Cultural-Pedagogical Norms in Iranian Virtual Higher Education Institutions

Cultural-Pedagogical Norms in Iranian Virtual Higher Education Institutions

Davoud Masoumi (University of Gothenburg, Sweden) and Berner Lindström (University of Gothenburg, Sweden)
DOI: 10.4018/978-1-4666-5023-7.ch004
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By discussing the cultural-pedagogically inscribed norms, this chapter argues that, regarding the design and implementation of e-learning from the perspective of globalization, it is critically important to recognize, understand, and thus take into account cultural situatedness. Such cultural-pedagogical norms are often taken for granted in educational settings. Drawing on the literature, this study presents a model of cultural-pedagogical paradigms in higher education in general and e-learning in particular. The authors use this model to explore cultural-pedagogical orientations in Iranian virtual institutions as an instance of a developing country. This is done from a comparative perspective, looking to the similarities and differences of teachers’ and learners’ points of view.
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Cultural discourses play an important role in shaping educational practices. They are embedded in a specific culture at different levels, from the individual level, the interpersonal level, to institutional, regional, and national levels. It could even be argued that education is important in “making” culture. This is, in specific ways, reflected in policy documents, curricular documents, and practical teaching and learning.

By reflecting prevalent ideas of good practice, the embedded cultural-pedagogical norms are seen as an “unanalyzed totality” (Dewey, 1925) that is embedded in every aspect of an educational system, and thus cannot be “ghettoized” (Henderson, 1996, p. 95). These norms and values, such as the role of the teacher, the nature of the tasks, the ways of communicating, and even the ways that physical artifacts are structured, inevitably shape educational activities and practices differently (cf. Olaniran, 2009; Selinger, 2004). In other words, the behavior of all of the actors in educational settings is affected by the cultural-pedagogical norms that surround them and the attitudes that they hold (Wild & Henderson, 1997).

Cultural-pedagogical norms refer to the shared patterns of behavior, understandings, and preferences in educational settings that guide the way teachers, students, and other actors approach learning and teaching, and also even more general educational issues such as organizing educational activities, ways of tackling educational problems, etc.

Educational technologies fulfil an important mediating function across cultures and generations. Such technologies work as ‘cultural amplifiers’, heightening cultural voices and norms that can transform human productivity by favouring specific cultural and cultural-pedagogical patterns in terms of communication, teaching, and learning strategies, etc. (cf. Crook, 1996; McLoughlin, 1999). On this premise, it can be argued that educational technologies are primary to educational development or change (Lipponen, 2002).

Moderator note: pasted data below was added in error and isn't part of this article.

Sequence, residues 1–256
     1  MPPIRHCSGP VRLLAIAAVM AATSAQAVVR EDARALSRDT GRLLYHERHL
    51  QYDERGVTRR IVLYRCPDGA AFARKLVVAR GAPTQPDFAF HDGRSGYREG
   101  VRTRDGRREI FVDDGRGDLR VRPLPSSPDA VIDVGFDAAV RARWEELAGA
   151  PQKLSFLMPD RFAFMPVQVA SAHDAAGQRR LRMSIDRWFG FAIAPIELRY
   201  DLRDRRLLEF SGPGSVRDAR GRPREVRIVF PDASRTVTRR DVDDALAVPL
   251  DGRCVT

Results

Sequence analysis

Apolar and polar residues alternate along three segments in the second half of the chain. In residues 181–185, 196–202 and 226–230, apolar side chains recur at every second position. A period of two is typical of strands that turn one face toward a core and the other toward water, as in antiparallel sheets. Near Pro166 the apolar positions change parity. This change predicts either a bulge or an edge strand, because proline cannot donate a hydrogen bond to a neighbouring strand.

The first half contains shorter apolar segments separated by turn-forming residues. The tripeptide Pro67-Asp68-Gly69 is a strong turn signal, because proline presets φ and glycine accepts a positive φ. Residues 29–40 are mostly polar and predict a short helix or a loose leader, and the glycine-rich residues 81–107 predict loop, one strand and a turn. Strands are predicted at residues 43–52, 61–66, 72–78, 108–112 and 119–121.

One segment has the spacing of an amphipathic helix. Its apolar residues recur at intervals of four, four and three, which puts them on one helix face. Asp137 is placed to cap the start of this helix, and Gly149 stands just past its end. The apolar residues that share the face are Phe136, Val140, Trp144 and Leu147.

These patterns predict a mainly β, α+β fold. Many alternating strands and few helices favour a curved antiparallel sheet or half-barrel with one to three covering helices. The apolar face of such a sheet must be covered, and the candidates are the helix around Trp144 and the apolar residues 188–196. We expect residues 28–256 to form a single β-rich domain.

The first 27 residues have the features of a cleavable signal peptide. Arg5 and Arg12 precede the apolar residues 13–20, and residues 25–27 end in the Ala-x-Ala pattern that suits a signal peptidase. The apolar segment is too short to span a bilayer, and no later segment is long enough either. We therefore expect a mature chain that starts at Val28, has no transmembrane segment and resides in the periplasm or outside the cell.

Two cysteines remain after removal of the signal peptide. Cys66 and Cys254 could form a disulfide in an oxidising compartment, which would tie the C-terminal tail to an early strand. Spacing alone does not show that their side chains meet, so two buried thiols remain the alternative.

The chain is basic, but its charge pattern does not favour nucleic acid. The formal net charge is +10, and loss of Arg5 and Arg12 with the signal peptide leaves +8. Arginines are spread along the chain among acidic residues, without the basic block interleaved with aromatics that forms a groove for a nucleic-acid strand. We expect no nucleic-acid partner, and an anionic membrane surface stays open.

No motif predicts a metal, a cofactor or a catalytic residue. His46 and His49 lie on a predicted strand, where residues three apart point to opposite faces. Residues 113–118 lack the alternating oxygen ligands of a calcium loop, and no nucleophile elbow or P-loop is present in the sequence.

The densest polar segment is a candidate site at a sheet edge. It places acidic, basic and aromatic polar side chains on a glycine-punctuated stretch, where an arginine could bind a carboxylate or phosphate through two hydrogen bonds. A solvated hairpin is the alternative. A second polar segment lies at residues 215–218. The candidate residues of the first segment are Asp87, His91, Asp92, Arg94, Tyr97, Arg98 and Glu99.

Reflecting advances in information and communications technologies (ICTs), higher education institutions across the globe are increasingly relying on ICT-based initiatives as solutions to their educational challenges (Lambropoulos & Romero, 2010). E-learning, blended learning/web-based learning, etc. are becoming an important part of higher education across the globe. In particular, e-learning is seen as a solution to the increasing demand of higher education in developing countries. The number of college students enrolled in online (virtual) programs in Iranian higher education institutions, as an example, has significantly increased in the last six years from 4 918 in 2007 to 19 000 in 2011.

Although the use of ICT in higher education institutions is growing extensively, there remain both technical and cultural challenges to its implementation. The cultural-pedagogical issues not only increase uncertainty within the e-learning environment, “but they also heighten the need for a culture-centered design and development” of the e-learning (Olaniran, Rodriguez, & Williams, 2010, p. 449). On the other hand, educational technologies cannot be passive structures, but rather evolve and develop a value and life of their own. Introducing technological products and services in education thus can challenge and even restructure education in other cultural settings, where those services and products are used.

In some cases, cultural and cultural-pedagogical challenges have resulted in the failure of educational institutions to achieve their goals (cf. Duncker, 2004; Ess, 2010; Postma & Postma, 2001). There have been many examples of technological products and services from North America, Australia, Great Britain, and Europe that were purchased but never used in Africa and Asia because the cultural-pedagogical norms built into the technology were not accepted (Gunawardena & McIsaac, 2004). Such challenges and dilemmas can even threaten the very survival of higher education institutions involved in e-learning (Coates, James, & Baldwin, 2005; Frand, 2000; Mok, 2005).

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